Every design and manufacturing business has the need to get existing parts into a Computer Aided Design (CAD) systems at some point.  The frequency of this need really depends on the individual business needs.  Companies that work with a lot of legacy parts may have this need more frequently than those that are working with newer designs.  However, even those that are working with new projects may have this need from time to time.

 So the question is whether or not to take on these projects with internal resources, or to use an outside service bureau.  There are three primary factors that should drive that decision:

  • Part Complexity
  • Internal Tools Available
  • Accuracy Requirements
  • Frequency of Need

For example, very geometric parts can be easily measured by hand with readily available tools like digital calipers.  If sub-micron level accuracy is not required this is a very valid, cost effective option.

Simple Brackets – Hand Measured into CAD

However, as parts become more complex, the measurement task becomes more challenging, and hand tools become far less effective at capturing the required geometry and accuracy to the original degrades significantly.  Consider the effort required to hand measure something like a video game controller, and accurately duplicate that geometry, and this point becomes quite clear.

Complex Shapes Like Game Controllers

In cases such as this, it would be best to employ a 3D scanning system, like the Creaform HandyScan Black Elite.  3D scanners, like the HandyScan, capture millions of data points to fully define complex shapes, then output that data in either point clouds, or STL files, which can be used as a starting point for development of 3D CAD files.  Dimensional accuracy varies from device to device, but professional systems, like the HandyScan can achieve results within ±.001 or better on small parts.

Once the raw data is captured, specialized software like Geomagic Design X can be employed to develop the CAD model.  Design X has a comprehensive suite of tools for both managing the point clouds and STL meshes, as well as traditional and advanced modeling tools for the most complex geometry.  Finally, Design X allows the user to compare the final CAD model back to the original raw scan data to ensure accuracy to the original part.  That is something that cannot be done with parts measured by hand.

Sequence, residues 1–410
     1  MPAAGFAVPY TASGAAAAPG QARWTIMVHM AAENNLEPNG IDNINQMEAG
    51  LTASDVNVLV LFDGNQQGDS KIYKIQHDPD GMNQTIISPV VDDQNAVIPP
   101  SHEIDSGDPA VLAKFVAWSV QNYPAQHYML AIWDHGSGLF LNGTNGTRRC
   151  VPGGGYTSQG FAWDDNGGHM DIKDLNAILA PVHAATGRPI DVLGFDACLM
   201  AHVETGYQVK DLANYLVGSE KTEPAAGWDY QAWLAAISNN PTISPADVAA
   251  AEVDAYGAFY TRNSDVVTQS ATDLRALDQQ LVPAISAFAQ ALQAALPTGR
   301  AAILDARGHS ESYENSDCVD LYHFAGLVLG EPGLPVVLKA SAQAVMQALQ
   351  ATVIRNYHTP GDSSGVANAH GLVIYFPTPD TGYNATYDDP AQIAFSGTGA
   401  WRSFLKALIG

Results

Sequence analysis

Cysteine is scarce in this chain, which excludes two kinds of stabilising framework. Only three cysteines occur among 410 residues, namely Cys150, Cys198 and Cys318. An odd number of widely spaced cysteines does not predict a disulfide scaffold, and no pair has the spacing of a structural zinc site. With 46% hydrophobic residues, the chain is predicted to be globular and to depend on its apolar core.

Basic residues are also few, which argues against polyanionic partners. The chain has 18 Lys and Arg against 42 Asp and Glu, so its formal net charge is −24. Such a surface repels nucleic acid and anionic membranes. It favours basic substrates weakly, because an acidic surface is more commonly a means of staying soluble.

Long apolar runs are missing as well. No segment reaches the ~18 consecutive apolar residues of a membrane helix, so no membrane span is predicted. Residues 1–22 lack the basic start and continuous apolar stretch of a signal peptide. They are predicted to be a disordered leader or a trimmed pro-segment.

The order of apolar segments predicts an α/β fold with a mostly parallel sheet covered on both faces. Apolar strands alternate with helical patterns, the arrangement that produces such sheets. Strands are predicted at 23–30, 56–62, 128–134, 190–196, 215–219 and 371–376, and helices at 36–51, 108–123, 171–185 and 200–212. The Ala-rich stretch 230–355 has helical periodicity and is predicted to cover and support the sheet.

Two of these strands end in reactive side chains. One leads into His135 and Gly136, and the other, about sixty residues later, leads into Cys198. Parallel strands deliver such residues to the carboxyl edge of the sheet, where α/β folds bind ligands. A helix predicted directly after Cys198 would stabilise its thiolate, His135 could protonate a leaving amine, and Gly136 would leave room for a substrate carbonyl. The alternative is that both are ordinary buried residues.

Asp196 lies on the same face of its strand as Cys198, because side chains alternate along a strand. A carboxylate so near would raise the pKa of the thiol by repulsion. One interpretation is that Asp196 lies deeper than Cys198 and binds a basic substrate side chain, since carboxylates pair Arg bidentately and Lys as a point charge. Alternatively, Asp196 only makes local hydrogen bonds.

The challenge in employing this type of technology is that it requires a fairly significant investment, on the order of $50,000 to $100,000.  This sort of investment may be cost prohibitive for smaller businesses, or for those that only occasionally have the need for this type of work, it may be best to employ a 3d scanning service bureau.

In summary, simple parts that can be easily measured with hand tools are good candidates for in-house reverse engineering, and can very likely be modeled with a reasonable degree of accuracy.  However, very complex parts that cannot be measured by hand are better candidates for 3D scanning.  If this need arises frequently, it may make sense to invest in equipment and software.  If the need only arises occasionally, it’s probably best to utilize a service bureau that specializes in 3D scanning and reverse engineering.

Professional grade 3D scanning solutions for metrology & engineering applications.

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